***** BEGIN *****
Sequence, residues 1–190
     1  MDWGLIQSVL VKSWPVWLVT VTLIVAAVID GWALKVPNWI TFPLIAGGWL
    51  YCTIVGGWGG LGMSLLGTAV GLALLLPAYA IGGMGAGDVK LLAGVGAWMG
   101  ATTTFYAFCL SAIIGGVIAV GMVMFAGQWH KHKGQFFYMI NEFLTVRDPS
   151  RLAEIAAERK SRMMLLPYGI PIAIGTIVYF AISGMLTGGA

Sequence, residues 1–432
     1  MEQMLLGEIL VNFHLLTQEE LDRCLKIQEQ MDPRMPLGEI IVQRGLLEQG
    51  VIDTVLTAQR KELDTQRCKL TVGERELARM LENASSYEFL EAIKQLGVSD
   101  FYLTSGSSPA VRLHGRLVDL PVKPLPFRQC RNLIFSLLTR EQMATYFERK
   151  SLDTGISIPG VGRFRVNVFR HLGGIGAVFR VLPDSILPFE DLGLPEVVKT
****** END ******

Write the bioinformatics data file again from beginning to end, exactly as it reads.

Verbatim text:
Sequence, residues 1–190
     1  MDWGLIQSVL VKSWPVWLVT VTLIVAAVID GWALKVPNWI TFPLIAGGWL
    51  YCTIVGGWGG LGMSLLGTAV GLALLLPAYA IGGMGAGDVK LLAGVGAWMG
   101  ATTTFYAFCL SAIIGGVIAV GMVMFAGQWH KHKGQFFYMI NEFLTVRDPS
   151  RLAEIAAERK SRMMLLPYGI PIAIGTIVYF AISGMLTGGA

Sequence, residues 1–432
     1  MEQMLLGEIL VNFHLLTQEE LDRCLKIQEQ MDPRMPLGEI IVQRGLLEQG
    51  VIDTVLTAQR KELDTQRCKL TVGERELARM LENASSYEFL EAIKQLGVSD
   101  FYLTSGSSPA VRLHGRLVDL PVKPLPFRQC RNLIFSLLTR EQMATYFERK
   151  SLDTGISIPG VGRFRVNVFR HLGGIGAVFR VLPDSILPFE DLGLPEVVKT